In view of the foregoing, it is an object of the present invention to provide an audio processing system for use in a teleconferencing system. Specifically, it is an object of the present invention to provide an audio processing system which permits two-way fully interactive audio communications in a teleconferencing system, while at the same time suppressing far-end talker echoes and providing a satisfactory margin against acoustic instability. Finally, it is an object of the present invention to provide an audio processing system for use in a teleconferencing system which utilizes complementary comb filters, but provides a satisfactory stability margin against acoustic instability and mitigates the degradation in perceived speech quality caused by the comb filters.
In accordance with an illustrative embodiment of the present invention, to process audio signals, a teleconferencing system comprises a first microphone and a first speaker located at a first station and a second microphone and a second speaker located at a second station. A first comb filter whose transfer function includes a set of alternating pass and stop bands is located in the transmission channel between the first microphone at the first station and the second speaker at the second station. A second comb filter which is complementary to the first comb filter is located in the transmission channel between the second microphone at the second station and the first speaker at the first station. A frequency scaler is located in one of the channels for scaling by a constant factor the frequency spectrum of a signal in the one channel. A frequency scaler is a device which receives an input signal with a frequency domain representation X(f), where f is the frequency domain variable, and outputs a signal having a frequency domain representation X'(f)=X(βf) where β is a constant.
Illustratively, the center frequencies of the passbands of the comb filters are spaced apart by one-third of an octave. The reason for the one-third octave spacing is to remove harmonic interdependence between bands to prevent the entire spectrum for one speaker from falling into the stop bands of a comb filter. The peak to trough amplitude spacing of the transfer function of the comb filters is about 12 dB. Deeper nulls begin to introduce more substantial impairments in the quality of transmitted speech.
As indicated above, the comb filters alone do not provide an adequate stability margin against acoustic instability. This is because of the frequency response of a room in which the microphone and speaker of a station are located. This frequency response is characterized by a large number of resonant peaks which are much larger than the average sound level. The nulls of the comb filters are not deep enough to suppress these resonances. The frequency scaler breaks up these resonances by introducing changes in the frequency spectrum during each trip an audio signal takes around the feedback loop. The frequency scaler can in particular embodiments add 6 dB of additional stability margin.
The above described audio processing system is suitable for use in low delay (less than 50 msec) transmission systems. At such low delays, echo is not as serious a problem as in longer delay systems therefore allowing the use of relatively shallow comb filters (i.e. about 12 dB). Because shallow comb filters do not degrade speech quality to an extremely large degree they can be inserted permanently into the return audio path leading to each speaker. In larger delay systems, where far-end echoes are a more serious problem, deeper comb filtering may be utilized to achieve greater echo suppression and an increased margin against acoustic instability. Typical peak to trough amplitude spacings of the transfer function of such a deep comb filter may reach 35 dB. This depth of filtering, however, impairs the quality of transmitted speech.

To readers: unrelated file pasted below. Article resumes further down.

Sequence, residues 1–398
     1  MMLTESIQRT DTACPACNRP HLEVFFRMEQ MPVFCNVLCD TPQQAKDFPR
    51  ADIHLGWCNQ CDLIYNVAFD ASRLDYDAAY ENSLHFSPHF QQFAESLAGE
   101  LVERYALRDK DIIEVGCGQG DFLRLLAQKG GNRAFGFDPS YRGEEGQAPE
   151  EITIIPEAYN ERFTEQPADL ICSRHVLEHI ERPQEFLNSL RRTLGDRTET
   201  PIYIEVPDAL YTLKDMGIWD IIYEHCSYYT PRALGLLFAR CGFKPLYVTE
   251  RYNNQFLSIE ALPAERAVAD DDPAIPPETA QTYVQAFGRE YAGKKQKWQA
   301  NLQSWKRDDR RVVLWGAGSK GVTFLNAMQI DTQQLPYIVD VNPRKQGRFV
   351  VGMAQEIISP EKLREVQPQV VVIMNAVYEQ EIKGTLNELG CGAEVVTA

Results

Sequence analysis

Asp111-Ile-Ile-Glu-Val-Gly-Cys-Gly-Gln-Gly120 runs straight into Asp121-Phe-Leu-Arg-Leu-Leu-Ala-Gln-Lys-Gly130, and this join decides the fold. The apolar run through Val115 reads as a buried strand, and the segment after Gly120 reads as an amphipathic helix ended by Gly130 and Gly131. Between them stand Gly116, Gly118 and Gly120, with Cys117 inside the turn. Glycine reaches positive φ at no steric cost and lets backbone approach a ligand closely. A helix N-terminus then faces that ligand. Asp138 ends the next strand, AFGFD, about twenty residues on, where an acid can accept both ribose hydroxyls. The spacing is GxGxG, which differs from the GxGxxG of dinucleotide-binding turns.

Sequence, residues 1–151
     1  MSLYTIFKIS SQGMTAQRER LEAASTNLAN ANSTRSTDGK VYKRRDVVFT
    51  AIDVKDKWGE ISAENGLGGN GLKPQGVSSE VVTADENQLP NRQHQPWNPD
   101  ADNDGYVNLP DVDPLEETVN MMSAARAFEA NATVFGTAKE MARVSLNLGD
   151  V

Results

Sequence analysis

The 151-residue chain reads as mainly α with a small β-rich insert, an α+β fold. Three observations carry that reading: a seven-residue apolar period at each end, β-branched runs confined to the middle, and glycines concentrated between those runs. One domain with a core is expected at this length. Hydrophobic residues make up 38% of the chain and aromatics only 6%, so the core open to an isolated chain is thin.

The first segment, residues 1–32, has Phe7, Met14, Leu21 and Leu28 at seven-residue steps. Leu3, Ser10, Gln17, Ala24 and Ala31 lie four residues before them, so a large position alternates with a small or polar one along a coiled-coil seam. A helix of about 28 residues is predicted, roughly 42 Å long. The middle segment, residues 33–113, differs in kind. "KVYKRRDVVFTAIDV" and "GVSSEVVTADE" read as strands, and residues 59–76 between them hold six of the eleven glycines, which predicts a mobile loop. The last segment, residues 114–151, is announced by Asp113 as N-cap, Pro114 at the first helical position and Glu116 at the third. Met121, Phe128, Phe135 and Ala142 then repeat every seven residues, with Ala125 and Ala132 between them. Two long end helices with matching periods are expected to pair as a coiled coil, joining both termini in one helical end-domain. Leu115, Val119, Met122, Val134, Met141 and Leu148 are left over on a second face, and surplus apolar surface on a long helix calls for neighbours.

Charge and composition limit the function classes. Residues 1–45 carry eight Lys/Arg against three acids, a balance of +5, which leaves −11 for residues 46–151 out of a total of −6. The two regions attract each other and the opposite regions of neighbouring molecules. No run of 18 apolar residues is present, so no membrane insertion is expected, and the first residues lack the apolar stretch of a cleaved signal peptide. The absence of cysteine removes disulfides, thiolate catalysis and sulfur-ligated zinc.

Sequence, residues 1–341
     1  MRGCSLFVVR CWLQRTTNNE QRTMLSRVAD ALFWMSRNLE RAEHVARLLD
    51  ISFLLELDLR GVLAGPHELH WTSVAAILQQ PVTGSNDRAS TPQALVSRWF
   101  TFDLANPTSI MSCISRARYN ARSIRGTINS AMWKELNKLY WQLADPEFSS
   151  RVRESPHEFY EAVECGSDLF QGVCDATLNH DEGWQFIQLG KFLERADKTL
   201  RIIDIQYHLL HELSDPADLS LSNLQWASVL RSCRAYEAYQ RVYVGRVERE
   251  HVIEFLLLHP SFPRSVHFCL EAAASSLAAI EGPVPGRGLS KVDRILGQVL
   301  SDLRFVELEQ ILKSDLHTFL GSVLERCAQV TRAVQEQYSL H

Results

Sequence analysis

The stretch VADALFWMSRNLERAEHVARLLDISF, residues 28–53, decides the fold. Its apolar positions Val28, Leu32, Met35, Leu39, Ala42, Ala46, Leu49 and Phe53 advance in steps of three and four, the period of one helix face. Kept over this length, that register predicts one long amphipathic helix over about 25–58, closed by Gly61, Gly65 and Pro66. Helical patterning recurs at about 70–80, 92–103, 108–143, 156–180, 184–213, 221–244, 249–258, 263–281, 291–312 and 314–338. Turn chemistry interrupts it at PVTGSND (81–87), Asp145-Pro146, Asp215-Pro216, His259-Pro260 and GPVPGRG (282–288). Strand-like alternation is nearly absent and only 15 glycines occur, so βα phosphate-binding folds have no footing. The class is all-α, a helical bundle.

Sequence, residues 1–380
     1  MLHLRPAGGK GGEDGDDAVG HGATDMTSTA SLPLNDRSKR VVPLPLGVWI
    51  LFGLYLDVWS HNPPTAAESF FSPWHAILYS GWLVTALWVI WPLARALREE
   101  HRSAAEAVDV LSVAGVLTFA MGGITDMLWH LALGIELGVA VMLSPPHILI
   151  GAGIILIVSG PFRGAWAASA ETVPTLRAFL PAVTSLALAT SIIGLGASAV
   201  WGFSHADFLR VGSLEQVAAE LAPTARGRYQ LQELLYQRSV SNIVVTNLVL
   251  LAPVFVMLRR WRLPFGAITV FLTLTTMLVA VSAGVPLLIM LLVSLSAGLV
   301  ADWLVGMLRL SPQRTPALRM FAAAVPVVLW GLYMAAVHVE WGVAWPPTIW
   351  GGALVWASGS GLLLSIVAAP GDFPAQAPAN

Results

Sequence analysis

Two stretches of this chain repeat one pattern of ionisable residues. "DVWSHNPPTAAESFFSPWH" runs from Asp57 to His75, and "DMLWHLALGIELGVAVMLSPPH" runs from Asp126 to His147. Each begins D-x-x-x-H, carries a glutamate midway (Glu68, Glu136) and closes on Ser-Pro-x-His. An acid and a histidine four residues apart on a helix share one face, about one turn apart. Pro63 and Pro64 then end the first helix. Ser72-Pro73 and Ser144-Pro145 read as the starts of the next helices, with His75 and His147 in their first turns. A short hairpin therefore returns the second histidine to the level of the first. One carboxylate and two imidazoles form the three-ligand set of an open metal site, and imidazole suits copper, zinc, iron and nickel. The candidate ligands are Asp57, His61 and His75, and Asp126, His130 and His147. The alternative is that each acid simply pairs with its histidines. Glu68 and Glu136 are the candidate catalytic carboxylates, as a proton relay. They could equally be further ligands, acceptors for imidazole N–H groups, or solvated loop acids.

To mitigate the degradation in perceived speech quality caused by the comb filters, the comb filters may be utilized in combination with echo suppressors. In this embodiment of the invention, at each station in a teleconferencing system, there is an echo suppressor connected to the output of the microphone and a dynamic filter connected to the input of the speaker. The dynamic filter may be switched between a pass state and a comb filter state. Specifically, the filter is switched to the pass state only when no local speech is present so that the output channel of the microphone is blocked by the echo suppressor. When local speech is present, causing the output of the microphone to be opened by the echo suppressor, the comb filter is activated and inserted into the return echo path leading to the speaker. When only one participant is speaking, the insertion of the comb filter at the input of the local speaker has little effect because the return echo path is also blocked by the echo suppressor of the participant at the far end who is not speaking. However, during a double talk condition, the comb filters at both teleconferencing stations are activated. This is when the gates associated with the echo suppressors at both ends of the teleconference are open and there is the potential for both acoustic echoes and acoustic instability. In this case wherein both comb filters are activated, a signal must go through both comb filters to travel around the feedback loop so as to be returned as an echo. Because the comb filters are complementary, attenuation of undesired signals is achieved. This embodiment of the invention is advantageous because the comb filters are only active during double talk. Thus, any degradation in speech quality caused by the comb filters occurs only when there is a double talk condition. To achieve an even greater margin of stability, a frequency scaler may be included in one of the channels of the feedback loop.